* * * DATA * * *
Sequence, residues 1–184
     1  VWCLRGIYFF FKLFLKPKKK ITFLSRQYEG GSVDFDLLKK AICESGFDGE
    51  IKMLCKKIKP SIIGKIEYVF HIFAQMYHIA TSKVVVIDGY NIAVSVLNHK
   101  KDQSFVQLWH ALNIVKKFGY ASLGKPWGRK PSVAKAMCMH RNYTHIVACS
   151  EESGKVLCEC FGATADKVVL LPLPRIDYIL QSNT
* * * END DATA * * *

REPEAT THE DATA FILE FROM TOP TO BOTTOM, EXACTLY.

Sequence, residues 1–184
     1  VWCLRGIYFF FKLFLKPKKK ITFLSRQYEG GSVDFDLLKK AICESGFDGE
    51  IKMLCKKIKP SIIGKIEYVF HIFAQMYHIA TSKVVVIDGY NIAVSVLNHK
   101  KDQSFVQLWH ALNIVKKFGY ASLGKPWGRK PSVAKAMCMH RNYTHIVACS
   151  EESGKVLCEC FGATADKVVL LPLPRIDYIL QSNT